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Friday, September 17, 2021

New research: Combo antibody treatment reduces hospitalisation

Of the nearly 1,400 Mayo Clinic patients enrolled in this study, 696 received the drug combo between December 2020 and early April.

By: Express News Service | New Delhi |
Updated: August 31, 2021 7:21:51 am
An illustration of Covid-19.

In an observational study, Mayo Clinic researchers have found that a combination of casirivimab and imdevimab — two monoclonal antibody treatments that have emergency use authorisation from the US Food and Drug Administration — keep high-risk patients out of the hospital when infected with mild to moderate Covid-19. The study has been published in The Lancet’s EClinicalMedicine.

Of the nearly 1400 Mayo Clinic patients enrolled in this study, 696 received the drug combo between December 2020 and early April. An equal number of patients didn’t receive the drug combo. Upon evaluation of their status at 14, 21 and 28 days after treatment, the numbers for hospitalisation were found to be significantly lower for the treated group, at each stage.

At 14 days, 1.3% of the treated group was hospitalised, while 3.3 % of the non-treated group was hospitalised. At day 21, the percentages of people hospitalised from the treated and non-treated groups were 1.3 and 4.2, respectively. At day 28, 1.6% of the treated patients were hospitalised compared to 4.8% of the non-treated patients.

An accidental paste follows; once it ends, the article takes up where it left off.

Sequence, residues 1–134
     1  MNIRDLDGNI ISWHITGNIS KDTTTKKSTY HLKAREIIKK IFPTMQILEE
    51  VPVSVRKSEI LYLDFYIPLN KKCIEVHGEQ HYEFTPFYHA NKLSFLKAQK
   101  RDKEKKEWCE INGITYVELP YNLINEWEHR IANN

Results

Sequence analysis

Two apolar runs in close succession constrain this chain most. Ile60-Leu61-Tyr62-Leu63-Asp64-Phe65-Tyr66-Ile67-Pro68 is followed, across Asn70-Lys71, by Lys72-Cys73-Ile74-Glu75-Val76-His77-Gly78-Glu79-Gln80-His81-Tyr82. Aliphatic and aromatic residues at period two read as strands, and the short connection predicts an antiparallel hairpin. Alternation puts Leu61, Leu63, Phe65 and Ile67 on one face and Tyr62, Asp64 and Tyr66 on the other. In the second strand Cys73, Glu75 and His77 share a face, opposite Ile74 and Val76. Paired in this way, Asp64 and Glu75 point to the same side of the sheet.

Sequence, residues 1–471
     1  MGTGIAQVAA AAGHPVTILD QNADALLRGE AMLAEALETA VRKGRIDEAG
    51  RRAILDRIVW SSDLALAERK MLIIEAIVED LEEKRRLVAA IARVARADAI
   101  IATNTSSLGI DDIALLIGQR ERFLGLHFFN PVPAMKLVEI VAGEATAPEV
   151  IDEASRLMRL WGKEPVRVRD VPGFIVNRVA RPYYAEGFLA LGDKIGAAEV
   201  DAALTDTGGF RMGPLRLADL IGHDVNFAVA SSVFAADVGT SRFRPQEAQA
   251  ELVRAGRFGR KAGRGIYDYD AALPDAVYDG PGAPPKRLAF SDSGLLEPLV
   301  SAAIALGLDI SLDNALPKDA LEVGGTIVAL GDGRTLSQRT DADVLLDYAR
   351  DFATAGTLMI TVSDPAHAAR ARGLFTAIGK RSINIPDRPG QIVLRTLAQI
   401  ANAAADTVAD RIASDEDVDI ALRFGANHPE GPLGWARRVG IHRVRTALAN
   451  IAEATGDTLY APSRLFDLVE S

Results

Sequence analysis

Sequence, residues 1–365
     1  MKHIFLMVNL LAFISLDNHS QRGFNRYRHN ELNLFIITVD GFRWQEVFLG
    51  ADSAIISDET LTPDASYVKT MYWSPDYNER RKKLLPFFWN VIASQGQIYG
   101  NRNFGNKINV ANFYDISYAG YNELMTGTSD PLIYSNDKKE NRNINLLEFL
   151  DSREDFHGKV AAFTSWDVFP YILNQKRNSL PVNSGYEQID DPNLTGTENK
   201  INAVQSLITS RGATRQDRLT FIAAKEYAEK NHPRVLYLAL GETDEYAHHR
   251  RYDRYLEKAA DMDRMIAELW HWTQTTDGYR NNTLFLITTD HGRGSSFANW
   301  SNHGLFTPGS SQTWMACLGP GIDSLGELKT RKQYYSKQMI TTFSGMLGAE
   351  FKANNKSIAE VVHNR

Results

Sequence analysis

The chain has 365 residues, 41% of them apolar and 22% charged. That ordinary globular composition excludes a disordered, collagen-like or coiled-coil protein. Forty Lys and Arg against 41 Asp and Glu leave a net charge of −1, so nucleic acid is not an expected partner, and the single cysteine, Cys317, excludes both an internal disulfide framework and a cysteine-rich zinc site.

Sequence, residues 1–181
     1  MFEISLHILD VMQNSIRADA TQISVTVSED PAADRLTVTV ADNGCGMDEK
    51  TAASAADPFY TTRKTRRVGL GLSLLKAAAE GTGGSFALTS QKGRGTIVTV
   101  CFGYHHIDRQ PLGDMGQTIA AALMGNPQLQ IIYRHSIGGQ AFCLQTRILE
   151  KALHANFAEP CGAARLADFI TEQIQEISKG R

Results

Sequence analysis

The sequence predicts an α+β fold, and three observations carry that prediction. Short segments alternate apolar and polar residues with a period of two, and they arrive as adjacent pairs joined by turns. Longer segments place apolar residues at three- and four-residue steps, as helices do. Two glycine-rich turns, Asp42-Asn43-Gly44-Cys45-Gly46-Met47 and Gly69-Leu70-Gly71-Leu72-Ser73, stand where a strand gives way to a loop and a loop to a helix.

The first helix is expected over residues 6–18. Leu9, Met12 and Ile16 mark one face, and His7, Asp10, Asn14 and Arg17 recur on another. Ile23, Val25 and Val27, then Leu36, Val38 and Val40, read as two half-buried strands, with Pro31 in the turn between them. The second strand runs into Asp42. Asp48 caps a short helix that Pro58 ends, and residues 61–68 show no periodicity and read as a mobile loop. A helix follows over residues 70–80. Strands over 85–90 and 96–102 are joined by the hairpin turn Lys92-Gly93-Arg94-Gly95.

From this data, it can be inferred that there was 60%-70% relative reduction in hospitalization among treated patients, Mayo Clinic said in a press release.

The release quoted Raymund Razonable, a Mayo Clinic infectious disease specialist and senior author of the study, as saying that when a combination of monoclonal injections is used to treat patients who are at high risk due to a range of comorbidities, and contract a mild or moderate case of Covid-19, they get an opportunity to recover without being hospitalised.

“Our conclusion overall at this point is that monoclonal antibodies are an important option in treatment to reduce the impact of Covid-19 in high-risk patients,” Dr Razonable was quoted as saying.

Source: Mayo Clinic

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